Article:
It is not possible, I think, that the younger Bush would be asking his father to define a word he'd only just heard for the first time, like gardyloo or chalcedony. It isn't possible to work in the White House and never encounter the word neocon. It is just barely possible, though, that neocon could be, for Bush, one of those words you hear all the time and keep meaning to look up but somehow never get around to, or that you look up again and again but whose meaning you can never seem to remember. (I'm that way with eleemosynary. I pray that doesn't mean I lack a charitable nature.) Moreover, throughout the current administration, I've had the experience again and again of learning some new fact that indicated life in the White House was much worse than I'd previously allowed myself to believe.

Is it true that Bush didn't know what neocon means? I don't know. But if it is true, that's astonishing.

Feb 26, 2007

THE REDIRECTION - SEYMOUR M. HERSH



THE REDIRECTION
Is the Administration’s new policy benefitting our enemies in the war on terrorism?
by SEYMOUR M. HERSH
Issue of 2007-03-05
Posted 2007-02-25

A STRATEGIC SHIFT

In the past few months, as the situation in Iraq has deteriorated, the Bush Administration, in both its public diplomacy and its covert operations, has significantly shifted its Middle East strategy. The “redirection,” as some inside the White House have called the new strategy, has brought the United States closer to an open confrontation with Iran and, in parts of the region, propelled it into a widening sectarian conflict between Shiite and Sunni Muslims.

To undermine Iran, which is predominantly Shiite, the Bush Administration has decided, in effect, to reconfigure its priorities in the Middle East. In Lebanon, the Administration has coöperated with Saudi Arabia’s government, which is Sunni, in clandestine operations that are intended to weaken Hezbollah, the Shiite organization that is backed by Iran. The U.S. has also taken part in clandestine operations aimed at Iran and its ally Syria. A by-product of these activities has been the bolstering of Sunni extremist groups that espouse a militant vision of Islam and are hostile to America and sympathetic to Al Qaeda.............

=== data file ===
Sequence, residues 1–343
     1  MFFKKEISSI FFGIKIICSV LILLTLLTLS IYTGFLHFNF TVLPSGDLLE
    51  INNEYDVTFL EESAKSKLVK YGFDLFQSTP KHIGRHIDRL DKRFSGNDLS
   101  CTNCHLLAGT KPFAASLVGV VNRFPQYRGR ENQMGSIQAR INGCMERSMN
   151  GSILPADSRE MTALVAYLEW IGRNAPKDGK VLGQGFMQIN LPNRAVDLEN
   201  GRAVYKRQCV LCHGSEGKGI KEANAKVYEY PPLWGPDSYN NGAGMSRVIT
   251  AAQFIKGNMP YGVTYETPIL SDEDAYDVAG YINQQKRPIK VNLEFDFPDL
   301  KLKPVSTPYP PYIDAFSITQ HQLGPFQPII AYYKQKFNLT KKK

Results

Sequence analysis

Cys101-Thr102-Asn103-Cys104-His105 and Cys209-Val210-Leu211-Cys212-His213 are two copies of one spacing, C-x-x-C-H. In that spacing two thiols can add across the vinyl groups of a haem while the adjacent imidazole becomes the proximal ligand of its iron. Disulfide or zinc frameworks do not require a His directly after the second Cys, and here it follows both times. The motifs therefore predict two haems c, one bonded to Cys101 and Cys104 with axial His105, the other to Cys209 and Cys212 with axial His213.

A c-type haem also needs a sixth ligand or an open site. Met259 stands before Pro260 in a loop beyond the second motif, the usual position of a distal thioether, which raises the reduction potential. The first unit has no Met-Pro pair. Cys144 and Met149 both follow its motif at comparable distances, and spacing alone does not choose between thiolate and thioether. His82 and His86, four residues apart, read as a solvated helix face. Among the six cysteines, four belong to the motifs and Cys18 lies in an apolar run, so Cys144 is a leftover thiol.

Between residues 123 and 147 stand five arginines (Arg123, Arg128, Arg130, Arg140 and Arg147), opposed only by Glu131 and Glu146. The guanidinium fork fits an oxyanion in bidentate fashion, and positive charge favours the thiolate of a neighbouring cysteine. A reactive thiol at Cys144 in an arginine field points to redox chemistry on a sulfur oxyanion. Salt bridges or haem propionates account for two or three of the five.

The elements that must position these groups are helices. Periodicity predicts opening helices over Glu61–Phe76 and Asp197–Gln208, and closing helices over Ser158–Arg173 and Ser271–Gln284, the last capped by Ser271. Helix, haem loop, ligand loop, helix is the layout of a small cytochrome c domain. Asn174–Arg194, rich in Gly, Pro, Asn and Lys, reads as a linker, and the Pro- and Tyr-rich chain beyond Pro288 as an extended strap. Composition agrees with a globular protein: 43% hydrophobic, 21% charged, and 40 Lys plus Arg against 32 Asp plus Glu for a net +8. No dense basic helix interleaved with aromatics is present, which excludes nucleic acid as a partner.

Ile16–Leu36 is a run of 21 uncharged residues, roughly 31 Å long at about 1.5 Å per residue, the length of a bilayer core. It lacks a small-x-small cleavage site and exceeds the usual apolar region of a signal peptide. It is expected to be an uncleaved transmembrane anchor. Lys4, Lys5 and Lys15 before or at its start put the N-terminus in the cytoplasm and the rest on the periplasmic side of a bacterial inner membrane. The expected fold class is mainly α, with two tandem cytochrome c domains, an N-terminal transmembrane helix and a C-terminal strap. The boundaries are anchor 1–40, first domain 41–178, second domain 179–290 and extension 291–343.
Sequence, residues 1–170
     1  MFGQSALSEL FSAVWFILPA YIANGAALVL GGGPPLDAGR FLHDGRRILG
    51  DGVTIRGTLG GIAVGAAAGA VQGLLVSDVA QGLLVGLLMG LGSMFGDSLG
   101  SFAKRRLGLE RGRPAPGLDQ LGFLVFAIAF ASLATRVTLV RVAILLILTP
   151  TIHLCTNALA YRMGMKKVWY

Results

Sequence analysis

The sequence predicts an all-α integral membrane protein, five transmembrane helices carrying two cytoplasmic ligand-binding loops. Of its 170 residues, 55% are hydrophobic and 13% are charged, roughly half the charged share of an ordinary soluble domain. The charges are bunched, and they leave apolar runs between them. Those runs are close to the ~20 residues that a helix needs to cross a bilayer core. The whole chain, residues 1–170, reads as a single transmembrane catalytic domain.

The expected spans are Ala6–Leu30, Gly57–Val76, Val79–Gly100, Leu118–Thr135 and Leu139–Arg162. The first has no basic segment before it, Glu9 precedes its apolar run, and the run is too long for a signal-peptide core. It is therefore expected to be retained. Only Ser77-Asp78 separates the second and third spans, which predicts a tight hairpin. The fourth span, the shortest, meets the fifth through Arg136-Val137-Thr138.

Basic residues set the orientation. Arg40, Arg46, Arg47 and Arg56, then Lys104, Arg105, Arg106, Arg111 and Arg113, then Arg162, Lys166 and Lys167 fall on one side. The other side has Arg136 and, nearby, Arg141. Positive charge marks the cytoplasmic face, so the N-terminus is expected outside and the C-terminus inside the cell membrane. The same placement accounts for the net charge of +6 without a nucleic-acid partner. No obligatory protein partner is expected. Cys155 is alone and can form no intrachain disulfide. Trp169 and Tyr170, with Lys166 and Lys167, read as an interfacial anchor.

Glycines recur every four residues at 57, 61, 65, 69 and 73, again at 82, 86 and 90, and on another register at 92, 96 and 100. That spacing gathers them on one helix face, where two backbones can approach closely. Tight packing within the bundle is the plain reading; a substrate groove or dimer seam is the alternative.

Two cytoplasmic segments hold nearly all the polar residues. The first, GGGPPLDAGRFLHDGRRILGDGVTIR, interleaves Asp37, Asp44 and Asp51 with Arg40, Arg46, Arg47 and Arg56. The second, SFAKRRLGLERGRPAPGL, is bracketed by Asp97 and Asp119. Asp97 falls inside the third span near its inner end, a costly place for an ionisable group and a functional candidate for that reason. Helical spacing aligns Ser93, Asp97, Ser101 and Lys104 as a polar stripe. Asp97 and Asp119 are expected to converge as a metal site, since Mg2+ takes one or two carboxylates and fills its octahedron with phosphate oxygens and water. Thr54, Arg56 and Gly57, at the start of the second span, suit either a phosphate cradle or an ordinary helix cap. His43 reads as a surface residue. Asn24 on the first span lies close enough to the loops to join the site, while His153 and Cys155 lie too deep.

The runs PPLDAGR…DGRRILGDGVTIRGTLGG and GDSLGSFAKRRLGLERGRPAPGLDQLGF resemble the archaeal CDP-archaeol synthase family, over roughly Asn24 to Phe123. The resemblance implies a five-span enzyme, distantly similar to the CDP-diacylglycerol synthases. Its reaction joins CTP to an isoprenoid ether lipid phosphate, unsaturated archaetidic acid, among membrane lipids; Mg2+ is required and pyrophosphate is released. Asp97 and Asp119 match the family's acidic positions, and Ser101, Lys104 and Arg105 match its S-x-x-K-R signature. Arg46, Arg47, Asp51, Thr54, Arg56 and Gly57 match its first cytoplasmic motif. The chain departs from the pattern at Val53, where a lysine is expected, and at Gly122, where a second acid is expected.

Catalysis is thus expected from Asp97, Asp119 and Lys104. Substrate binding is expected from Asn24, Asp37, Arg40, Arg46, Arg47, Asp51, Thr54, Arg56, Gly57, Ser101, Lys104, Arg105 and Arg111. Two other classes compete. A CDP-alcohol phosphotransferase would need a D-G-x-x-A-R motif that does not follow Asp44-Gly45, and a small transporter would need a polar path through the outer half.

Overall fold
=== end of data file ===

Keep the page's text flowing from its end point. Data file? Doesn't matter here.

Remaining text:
PRINCE BANDAR’S GAME

The Administration’s effort to diminish Iranian authority in the Middle East has relied heavily on Saudi Arabia and on Prince Bandar, the Saudi national-security adviser. Bandar served as the Ambassador to the United States for twenty-two years, until 2005, and has maintained a friendship with President Bush and Vice-President Cheney. In his new post, he continues to meet privately with them. Senior White House officials have made several visits to Saudi Arabia recently, some of them not disclosed.

Last November, Cheney flew to Saudi Arabia for a surprise meeting with King Abdullah and Bandar. The Times reported that the King warned Cheney that Saudi Arabia would back its fellow-Sunnis in Iraq if the United States were to withdraw. A European intelligence official told me that the meeting also focussed on more general Saudi fears about “the rise of the Shiites.” In response, “The Saudis are starting to use their leverage—money.”

In a royal family rife with competition, Bandar has, over the years, built a power base that relies largely on his close relationship with the U.S., which is crucial to the Saudis. Bandar was............

Read the full article on The New Yorker

Feb 24, 2007

Michelangelo Merisi da Caravaggio (1571-1610)

Andre Berne-Joffroy, Paul Valéry’s secretary: "What begins in the work of Caravaggio is, quite simply, modern painting."

from the ago.net

known by the name of his northern Italian hometown of "Caravaggio," was one of the most revolutionary artists of the 17th century. He began his career as a painter of genre with pictures of gypsies, musicians, card players, still lifes and portraits, but quickly developed into the most powerful religious artist of his age.

The major impetus on Caravaggio's art was the artistic principles articulated as a result of the Counter-Reformation. Art was to act as a media for propaganda and its depictions of biblical stories, and figures were to be realistic, in direct contrast to the idealistic style during the Renaissance. His paintings were vivid and his bold naturalistic style, which emphasized the common humanity of the apostles and martyrs, suited the aspirations of the Counter-Reformation church. Caravaggio's dramatic use of light and shadow, a technique called chiaroscuro, and his placing of figures directly in the foreground was revolutionary, and his works attracted a large following from all over Europe. His artistic influence was pervasive throughout the century, particularly on such artists as Rembrandt and Velazquez.